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I can honestly say that when I signed up for some mud fun at Mepantigan I had literally no idea what I had actually gotten us into, or how incredibly entertaining it would be. There are a lot of videos in this post, but while we got some great static shots, really you need to see the movement and hear the craziness to get a sense of what we actually got stuck (!) into!
We were greeted with some delicious lime and lemon-grass water, and a few local sweet treats. Apparently the greeness of the green one comes from extract from suji leaves pandan leaves which was a pleasant surprise (I assumed lots of food colouring!).
Before long a lone drummer came stomping and dancing around the corner dressed in a rustling leaf contraption.
He was soon joined by his friends, and they performed a vibrant physical tribal song and dance for us before demonstrating some of the moves and calls that are used in the prelude to mud-wrestles:
I think at this point we were all feeling somewhat bemused (possibly nervous!) inside, but the infectious smiles and good humour of our ‘crew’ lulled us into a fab warm up team photo.
Mepantigan is a actually a form of Balinese martial arts that involves similar physical techniques to those found in self-defense traditions around the world. But Mepantigan extends the form by also drawing upon Balinese drama, contemporary dance, and gamelan music, fusing fighting with the performing arts to create an entirely new cultural phenomenon. Participants wear uniforms consisting of traditional Balinese clothing, and can compete on the beach, in the mud of rice fields, or in any open space.
Practitioners of Mepantigan gain physical fitness, release stress, and learn valuable lessons in camaraderie and sportsmanship. In addition to physical skills, strength, and agility, both emotional and spiritual intelligences are utilised.
According to Putu Witsen Widjaya, the founder and senior teacher of Bali Mepantigan Arts and a martial arts champion, students of Mepantigan evolve as human beings and avoid violence while cultivating compassion. As he observed, “Wherever proper martial arts develop, evil will diminish and a respect for others will grow. This is particularly true for those who practice Mepantigan, which is a celebration of the spirit”.
We did some prolonged ‘land-based’ warm up games of chanting and singing and finally practicing some wrestling moves. These were a lot of fun in themselves, and I think their purpose was as much to tackle our inhibitions and warm up our sense of crazy fun as they were to warm up our muscles.
The mud warm up took it up a notch! Amongst other hilarities, it involved various running races across 2 split level mud ‘pitches’. The water was about a foot deep, and the mud underfoot was on the squidgy side, and a bit slippery, but didn’t smell bad which was a relief. In fact the mud here is purported to have multiple health and skin benefits, and to be very sanitary.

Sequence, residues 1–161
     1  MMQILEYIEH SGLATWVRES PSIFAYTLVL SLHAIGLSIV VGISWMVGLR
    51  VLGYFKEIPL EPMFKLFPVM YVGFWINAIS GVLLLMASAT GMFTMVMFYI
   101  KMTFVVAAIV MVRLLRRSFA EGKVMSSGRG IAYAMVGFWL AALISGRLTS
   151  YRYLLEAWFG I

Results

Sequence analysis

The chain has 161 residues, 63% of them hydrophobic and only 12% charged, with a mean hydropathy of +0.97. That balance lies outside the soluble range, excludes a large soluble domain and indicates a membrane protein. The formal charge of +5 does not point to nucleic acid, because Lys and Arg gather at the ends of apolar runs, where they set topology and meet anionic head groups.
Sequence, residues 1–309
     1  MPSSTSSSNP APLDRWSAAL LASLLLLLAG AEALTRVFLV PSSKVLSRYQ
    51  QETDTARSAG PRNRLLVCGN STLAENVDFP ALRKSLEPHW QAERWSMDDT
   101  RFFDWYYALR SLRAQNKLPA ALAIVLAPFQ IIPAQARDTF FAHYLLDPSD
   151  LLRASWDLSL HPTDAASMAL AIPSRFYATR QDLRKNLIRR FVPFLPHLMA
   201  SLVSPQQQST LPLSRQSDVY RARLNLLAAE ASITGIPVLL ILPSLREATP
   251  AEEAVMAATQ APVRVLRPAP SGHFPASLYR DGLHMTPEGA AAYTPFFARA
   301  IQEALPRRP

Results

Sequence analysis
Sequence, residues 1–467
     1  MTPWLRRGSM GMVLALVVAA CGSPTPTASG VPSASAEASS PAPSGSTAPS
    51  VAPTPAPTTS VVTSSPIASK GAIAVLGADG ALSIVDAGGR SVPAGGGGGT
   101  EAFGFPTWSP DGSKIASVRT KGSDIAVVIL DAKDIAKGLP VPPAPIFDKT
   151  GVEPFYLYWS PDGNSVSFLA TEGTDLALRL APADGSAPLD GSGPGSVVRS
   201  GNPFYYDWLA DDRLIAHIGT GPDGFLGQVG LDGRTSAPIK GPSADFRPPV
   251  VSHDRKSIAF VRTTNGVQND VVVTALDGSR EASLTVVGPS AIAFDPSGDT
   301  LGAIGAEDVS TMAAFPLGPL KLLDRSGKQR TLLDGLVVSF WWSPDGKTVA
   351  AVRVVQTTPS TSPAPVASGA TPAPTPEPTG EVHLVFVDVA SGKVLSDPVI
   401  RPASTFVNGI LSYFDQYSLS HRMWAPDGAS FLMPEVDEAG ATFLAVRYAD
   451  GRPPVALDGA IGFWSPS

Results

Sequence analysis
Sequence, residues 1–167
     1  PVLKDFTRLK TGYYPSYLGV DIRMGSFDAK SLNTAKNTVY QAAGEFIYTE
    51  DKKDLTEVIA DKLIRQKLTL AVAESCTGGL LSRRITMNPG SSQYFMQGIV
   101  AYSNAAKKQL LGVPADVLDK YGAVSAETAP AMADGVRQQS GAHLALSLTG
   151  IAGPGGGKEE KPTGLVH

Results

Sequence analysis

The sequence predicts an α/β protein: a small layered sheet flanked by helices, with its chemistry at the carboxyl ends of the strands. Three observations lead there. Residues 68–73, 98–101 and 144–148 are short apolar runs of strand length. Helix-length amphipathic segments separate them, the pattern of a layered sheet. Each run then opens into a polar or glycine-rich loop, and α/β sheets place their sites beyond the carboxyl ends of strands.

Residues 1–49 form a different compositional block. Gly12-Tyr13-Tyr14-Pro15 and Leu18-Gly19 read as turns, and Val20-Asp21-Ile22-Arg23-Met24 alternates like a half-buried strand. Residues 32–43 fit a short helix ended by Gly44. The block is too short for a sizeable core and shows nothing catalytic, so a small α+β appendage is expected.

The next exercise was to help us learn a technique for cleaning our eyes should they inadvertently get any mud in them whilst fighting. You put your face near the water, slam the water with your hand to shoot (muddy?!?!) water against your face, and then clean it away with your palm. It sort of worked!
We did a final practice of the pre-wrestle ritual:
Lastly before the games began (finally!) in earnest, we sat with our eyes closed while we were painted up with war paint.
She sustained a convincing (!?!) win, and received lots of appreciation for her dance at the end (victors are expected to dance not gloat at the end, and then to help up their opponents and give them a hug – we love you Bali!).
The battles then began in earnest! We all embraced the fun and the challenge and the mud! Our crew went fairly easy on the women and children, but didn’t hold back so much for Robin and James!
Bella masters the basic throw:
James gives it a good shot with the Papuan from our crew who comprised a solid mass of dense muscle.
More wrestling videos at the bottom, but I’ll fast forward for now to the end of the battles, when we had a nice sit down and a cup of coffee (matured and roasted of course in mud). It was very treacly but actually quite tasty and reviving after a very physical afternoon.
Then came the duck bit! I believe in the authenticity of most of what we did that day, but never actually got to the bottom of whether the duck-on-the-head has any cultural relevance, or whether its just the crew’s way of having a good laugh at our expense (fair enough – they worked REALLY hard!). So, they slapped a huge dollop of mud on our heads, and then put a duck on top. The duck pooped on me – apparently that constitutes very good luck (obviously!!), so lucky me!
Now that we were nicely cooled down it was time for a mud massage, and a mud face pack. We suspected that this wasn’t the crew’s favourite (or most expert) part of the programme, but it was a once-in-a-lifetime, so why not?
It was pretty pitch black in there, and on the more tepid side of hot, but we embraced the steam and a darkened chill out for a while before emerging to be washed off by the warm herby water.
We took a final rinse in the local river which was thankfully warmer than it looked because we were getting a bit chilly by that stage, and then tasted some delicious fried tempeh and battered bananas before wending our way home.
This definitely constitutes one of the more bonkers activities of Monicofamilytravels. We certainly discovered some Balinese traditions that few tourists get to enjoy, and added to our repertoire of ‘you’ll never believe what we did….’ stories.
2 more videos for you:
- James and Robin go at it
2) If you know Robin watch this one (and see it through to the end!)